On Wednesday the 20th of March 2019, Shaheen Syed successfully defended his PhD dissertation entitled “Topic Discovery from Textual Data: Machine Learning and Natural Language Processing for Knowledge Discovery in the Fisheries Domain” in the Academiegebouw of Utrecht University (the Netherlands). We wish him good luck in his future endeavors and for his contributions to the SAF21 project.

A short summary of his work

It is estimated that the world’s data will increase to roughly 160 billion terabytes by 2025, with most of that data occurring in an unstructured form. Today, we have already reached the point where more data is being produced than can be physically stored. To ingest all this data and to construct valuable knowledge from it, new computational tools and algorithms are needed, especially since manual probing of the data is slow, expensive, and subjective. For unstructured data, such as text in documents, an ongoing field of research is probabilistic topic models. Topic models are techniques to automatically uncover the hidden or latent topics present within a collection of documents. Topic models can infer the topical content of thousands or millions of documents without prior labeling or annotation. This unsupervised nature makes probabilistic topic models a useful tool for applied data scientists to interpret and examine large volumes of documents for extracting new and valuable knowledge. This dissertation scientifically investigates how to optimally and efficiently apply and interpret topic models to large collections of documents. Specifically, it shows how different types of textual data, pre-processing steps, and hyper-parameter settings can affect the quality of the derived latent topics. The results presented in this dissertation provide a starting point for researchers who want to apply topic models with scientific rigorousness to scientific publications.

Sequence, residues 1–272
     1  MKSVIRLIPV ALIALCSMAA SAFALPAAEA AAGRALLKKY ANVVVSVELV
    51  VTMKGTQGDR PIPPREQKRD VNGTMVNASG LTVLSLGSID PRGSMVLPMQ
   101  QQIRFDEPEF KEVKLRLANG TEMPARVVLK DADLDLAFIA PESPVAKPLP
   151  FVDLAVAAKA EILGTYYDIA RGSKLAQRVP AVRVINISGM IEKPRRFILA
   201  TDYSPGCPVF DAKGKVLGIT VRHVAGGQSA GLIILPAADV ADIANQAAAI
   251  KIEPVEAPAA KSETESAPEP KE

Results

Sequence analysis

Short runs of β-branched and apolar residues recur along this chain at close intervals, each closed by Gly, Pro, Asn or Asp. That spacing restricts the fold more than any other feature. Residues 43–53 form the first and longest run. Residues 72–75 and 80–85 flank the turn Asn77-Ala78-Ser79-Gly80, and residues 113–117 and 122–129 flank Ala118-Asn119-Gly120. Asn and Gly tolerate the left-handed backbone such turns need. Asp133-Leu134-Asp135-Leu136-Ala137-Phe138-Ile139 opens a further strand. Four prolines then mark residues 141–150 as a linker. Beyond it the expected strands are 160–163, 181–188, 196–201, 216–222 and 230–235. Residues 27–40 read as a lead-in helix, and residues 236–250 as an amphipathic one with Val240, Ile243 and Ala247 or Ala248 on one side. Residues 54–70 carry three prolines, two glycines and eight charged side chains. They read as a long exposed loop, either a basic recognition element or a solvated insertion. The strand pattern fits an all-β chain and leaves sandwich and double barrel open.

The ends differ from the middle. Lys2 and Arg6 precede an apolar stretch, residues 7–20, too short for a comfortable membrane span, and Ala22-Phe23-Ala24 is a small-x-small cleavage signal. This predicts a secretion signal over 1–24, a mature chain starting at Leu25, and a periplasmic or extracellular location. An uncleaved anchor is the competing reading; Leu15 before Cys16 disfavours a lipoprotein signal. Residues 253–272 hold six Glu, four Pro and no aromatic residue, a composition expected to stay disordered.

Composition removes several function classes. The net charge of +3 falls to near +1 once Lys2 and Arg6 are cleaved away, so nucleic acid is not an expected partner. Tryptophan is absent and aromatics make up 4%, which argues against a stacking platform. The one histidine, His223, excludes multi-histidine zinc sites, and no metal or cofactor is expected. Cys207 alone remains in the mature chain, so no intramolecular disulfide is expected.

Published papers

  • Syed, S., ní Aodha, L., Scougal, C., Spruit, M. (2019). Mapping the global network of fisheries science collaboration. Fish and Fisheries. 1–27. https://doi.org/10.1111/faf.12379
  • Syed, S., Spruit, M. (2018). Exploring Symmetrical and Asymmetrical Dirichlet Priors for Latent Dirichlet Allocation. International Journal of Semantic Computing, 12:3, 399-423. https://doi.org/10.1142/S1793351X18400184
  • Syed, S., Borit, M., Spruit, M. (2018). Narrow lenses for capturing the complexity of fisheries: A topic analysis of fisheries science from 1990 to 2016. Fish and Fisheries, 19:4, 643-661. https://doi.org/10.1111/faf.12280
  • Syed, S., & Weber, C. T. (2018). Using Machine Learning to Uncover Latent Research Topics in Fishery Models. Reviews in Fisheries Science & Aquaculture, 26:3, 319-336. https://doi.org/10.1080/23308249.2017.1416331
  • Syed, S., & Spruit, M. (2018). Selecting Priors for Latent Dirichlet Allocation. In The 12th IEEE International Conference on Semantic Computing (pp. 194–202). Laguna Hills, CA, USA: IEEE. http://doi.org/10.1109/ICSC.2018.00035
  • Syed, S., & Spruit, M. (2017). Full-Text or Abstract? Examining Topic Coherence Scores Using Latent Dirichlet Allocation. In The 4th IEEE International Conference on Data Science and Advanced Analytics (pp. 165–174). IEEE. http://doi.org/10.1109/DSAA.2017.61
  • Syed S., Spruit M. and Borit M. (2016). Bootstrapping a Semantic Lexicon on Verb Similarities. In Proceedings of the 8th International Joint Conference on Knowledge Discovery, Knowledge Engineering and Knowledge Management – Volume 1: KDIR, (IC3K 2016) (pp 189-196). http://doi.org/10.5220/0006036901890196

Full dissertation

  • Syed, S. (2019). Topic Discovery from Textual Data: Machine Learning and Natural Language Processing for Knowledge Discovery in the Fisheries Domain. Utrecht University (Doctoral dissertation). https://dspace.library.uu.nl/handle/1874/374917